WHAT MAKES YOUR CHILD IRRITABLE

It is important not to overlook the impact that the parents’ moods have on a child it is not unusual for children with mood problems to have parents who also struggle with their mood.There is also the genetic component. You may have a grandparent who had been diagnosed with anxiety, an uncle with depression, or you yourself struggled with a mood disorder your entire life.

If this is the case, it becomes even more important to consult with a mental health professional to understand if your child may have a mood disorder that makes him or her irritable.When children are exposed to a parent who is angry, irritable, or depressed most of the time, they learn to respond to these strong emotions.So even if your child doesn’t have a mood disorder, he can learn that this is how one behaves. The important thing is for you as a parent is to take care of your self and find ways to self calm and be available anytime for the difficult task of parenting.

Common Irritability Causes

Sometimes, parents find that they are constantly walking on eggshells around their irritable child. They may be afraid to set a limit or impose a change of activity because they know their child is likely to explode into a long tantrum. Some parents structure every minute of the child’s day to keep them organized. But this technique can be double edged.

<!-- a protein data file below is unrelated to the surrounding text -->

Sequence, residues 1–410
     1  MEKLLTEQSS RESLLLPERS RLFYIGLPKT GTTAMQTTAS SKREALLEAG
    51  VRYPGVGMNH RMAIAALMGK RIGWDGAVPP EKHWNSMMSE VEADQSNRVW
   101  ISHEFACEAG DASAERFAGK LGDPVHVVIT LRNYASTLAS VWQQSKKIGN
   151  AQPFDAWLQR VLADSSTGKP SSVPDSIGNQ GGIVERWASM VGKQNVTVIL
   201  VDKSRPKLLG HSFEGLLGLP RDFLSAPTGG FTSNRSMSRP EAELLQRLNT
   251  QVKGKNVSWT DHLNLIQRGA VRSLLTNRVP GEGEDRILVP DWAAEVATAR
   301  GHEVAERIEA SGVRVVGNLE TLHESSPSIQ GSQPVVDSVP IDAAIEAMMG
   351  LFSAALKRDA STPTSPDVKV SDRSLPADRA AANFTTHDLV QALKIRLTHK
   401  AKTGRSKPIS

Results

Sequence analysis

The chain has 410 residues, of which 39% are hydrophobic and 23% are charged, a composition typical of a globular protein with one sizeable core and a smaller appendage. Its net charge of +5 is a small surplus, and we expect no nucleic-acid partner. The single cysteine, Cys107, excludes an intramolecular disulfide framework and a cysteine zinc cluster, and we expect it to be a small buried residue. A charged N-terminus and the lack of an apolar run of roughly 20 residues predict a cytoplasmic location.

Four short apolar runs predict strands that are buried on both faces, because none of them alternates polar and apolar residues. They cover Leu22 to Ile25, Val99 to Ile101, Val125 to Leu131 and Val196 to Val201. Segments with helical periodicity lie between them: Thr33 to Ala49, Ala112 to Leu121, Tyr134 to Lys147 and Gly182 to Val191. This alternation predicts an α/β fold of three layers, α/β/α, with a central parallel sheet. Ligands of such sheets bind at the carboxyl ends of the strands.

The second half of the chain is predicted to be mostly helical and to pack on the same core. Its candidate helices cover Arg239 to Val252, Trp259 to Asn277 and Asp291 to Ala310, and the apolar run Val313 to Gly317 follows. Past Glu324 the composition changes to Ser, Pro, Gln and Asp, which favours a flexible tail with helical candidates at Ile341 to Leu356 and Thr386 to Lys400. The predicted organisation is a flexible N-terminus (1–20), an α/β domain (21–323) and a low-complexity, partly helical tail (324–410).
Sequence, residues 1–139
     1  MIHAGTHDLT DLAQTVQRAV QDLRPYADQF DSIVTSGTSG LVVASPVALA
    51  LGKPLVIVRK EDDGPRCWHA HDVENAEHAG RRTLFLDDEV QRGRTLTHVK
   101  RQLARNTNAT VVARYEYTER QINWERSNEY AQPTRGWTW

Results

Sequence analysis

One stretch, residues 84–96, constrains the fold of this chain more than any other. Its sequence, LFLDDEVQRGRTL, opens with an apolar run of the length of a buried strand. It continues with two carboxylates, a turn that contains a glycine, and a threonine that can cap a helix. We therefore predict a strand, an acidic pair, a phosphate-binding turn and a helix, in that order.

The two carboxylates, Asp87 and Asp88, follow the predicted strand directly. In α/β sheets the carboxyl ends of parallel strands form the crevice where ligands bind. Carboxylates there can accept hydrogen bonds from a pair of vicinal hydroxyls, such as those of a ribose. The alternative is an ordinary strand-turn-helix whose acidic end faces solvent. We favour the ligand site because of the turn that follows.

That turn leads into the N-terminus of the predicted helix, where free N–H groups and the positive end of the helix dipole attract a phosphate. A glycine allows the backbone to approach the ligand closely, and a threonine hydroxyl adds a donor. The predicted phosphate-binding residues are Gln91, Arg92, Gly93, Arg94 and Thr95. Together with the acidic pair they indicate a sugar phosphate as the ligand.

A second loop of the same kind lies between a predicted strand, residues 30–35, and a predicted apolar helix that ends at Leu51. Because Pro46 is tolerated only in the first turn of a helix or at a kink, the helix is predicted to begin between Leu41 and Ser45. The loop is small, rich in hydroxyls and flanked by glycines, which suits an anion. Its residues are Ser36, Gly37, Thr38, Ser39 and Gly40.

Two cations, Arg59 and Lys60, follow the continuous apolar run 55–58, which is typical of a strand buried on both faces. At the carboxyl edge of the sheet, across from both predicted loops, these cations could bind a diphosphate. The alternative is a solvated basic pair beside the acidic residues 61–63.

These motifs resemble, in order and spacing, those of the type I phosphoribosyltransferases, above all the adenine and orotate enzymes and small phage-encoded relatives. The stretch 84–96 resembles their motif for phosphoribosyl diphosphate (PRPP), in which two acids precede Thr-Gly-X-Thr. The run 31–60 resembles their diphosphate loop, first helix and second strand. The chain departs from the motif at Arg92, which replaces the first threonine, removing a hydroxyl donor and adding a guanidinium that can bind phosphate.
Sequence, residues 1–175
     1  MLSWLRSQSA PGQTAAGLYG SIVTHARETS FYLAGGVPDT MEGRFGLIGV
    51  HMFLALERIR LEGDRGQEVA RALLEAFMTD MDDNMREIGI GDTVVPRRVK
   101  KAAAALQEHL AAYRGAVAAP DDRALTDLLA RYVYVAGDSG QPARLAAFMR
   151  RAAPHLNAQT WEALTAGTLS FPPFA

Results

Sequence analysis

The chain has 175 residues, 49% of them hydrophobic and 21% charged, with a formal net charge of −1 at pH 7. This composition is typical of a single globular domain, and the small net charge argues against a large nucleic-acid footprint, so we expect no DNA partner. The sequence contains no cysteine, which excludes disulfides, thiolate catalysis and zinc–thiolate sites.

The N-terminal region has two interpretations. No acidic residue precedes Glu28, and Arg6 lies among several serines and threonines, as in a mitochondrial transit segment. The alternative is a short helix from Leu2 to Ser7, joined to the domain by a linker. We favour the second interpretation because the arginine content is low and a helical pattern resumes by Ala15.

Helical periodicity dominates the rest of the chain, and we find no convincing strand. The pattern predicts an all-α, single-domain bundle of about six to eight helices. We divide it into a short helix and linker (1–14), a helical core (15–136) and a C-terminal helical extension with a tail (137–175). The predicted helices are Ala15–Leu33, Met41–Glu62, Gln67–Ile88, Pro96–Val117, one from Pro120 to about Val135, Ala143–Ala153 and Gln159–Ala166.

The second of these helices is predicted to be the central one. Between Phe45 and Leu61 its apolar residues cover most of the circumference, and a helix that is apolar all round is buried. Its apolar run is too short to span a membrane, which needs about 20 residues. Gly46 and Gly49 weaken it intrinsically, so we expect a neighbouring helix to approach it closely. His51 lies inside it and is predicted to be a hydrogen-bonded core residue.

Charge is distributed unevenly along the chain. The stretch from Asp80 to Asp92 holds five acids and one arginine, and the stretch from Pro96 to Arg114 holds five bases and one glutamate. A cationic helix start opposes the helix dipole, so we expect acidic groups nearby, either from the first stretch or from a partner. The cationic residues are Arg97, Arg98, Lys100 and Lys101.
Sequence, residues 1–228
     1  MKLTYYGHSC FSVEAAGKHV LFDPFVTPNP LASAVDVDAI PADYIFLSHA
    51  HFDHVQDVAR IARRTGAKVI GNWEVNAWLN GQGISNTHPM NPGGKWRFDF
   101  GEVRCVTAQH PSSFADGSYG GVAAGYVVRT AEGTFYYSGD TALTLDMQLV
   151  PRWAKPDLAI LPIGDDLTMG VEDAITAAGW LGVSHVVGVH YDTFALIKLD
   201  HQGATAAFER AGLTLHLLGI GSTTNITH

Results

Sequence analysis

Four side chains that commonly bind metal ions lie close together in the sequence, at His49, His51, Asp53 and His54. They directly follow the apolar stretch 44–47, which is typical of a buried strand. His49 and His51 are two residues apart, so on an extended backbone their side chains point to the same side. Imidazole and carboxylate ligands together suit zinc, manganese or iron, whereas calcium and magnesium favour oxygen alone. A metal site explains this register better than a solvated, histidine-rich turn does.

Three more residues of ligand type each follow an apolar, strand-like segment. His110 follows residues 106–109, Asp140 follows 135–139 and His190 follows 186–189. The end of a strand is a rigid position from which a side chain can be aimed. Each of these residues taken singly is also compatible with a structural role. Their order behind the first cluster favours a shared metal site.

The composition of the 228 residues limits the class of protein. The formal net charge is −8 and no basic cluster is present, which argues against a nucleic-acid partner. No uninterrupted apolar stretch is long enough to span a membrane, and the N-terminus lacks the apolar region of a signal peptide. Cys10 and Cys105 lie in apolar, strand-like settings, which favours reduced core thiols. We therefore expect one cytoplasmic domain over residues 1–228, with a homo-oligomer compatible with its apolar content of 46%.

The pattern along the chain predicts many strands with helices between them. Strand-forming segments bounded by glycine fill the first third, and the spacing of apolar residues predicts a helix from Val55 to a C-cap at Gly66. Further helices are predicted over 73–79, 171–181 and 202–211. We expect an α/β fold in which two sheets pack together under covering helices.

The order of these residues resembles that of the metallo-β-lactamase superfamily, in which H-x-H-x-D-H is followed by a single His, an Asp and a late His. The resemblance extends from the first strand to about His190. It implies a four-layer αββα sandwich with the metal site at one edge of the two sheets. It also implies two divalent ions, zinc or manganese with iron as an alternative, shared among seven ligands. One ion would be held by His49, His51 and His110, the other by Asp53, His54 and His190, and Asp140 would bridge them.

By overstimulating the child or giving him one activity after the next in order to distract him can backfire, and cause the child to become flooded with too much stimulation, ultimately leading to an never ending cycle of tantrums. In scientific studies of irritable children with regulatory problems, experts found that irritable children express themselves through distress signals.They may scream, kick, push, bite, and yell to let you know how they feel.

There may be very little calm discussion about things, or happy activity that fills their time. This state of chaos and intensity causes the parent child interaction to become disrupted and thus everything becomes negative. Sometimes, parents withdrawor disengage to avoid negative interactions with their child. Moreover, they may let their child play alone when they are happy and miss the best time to interact with them.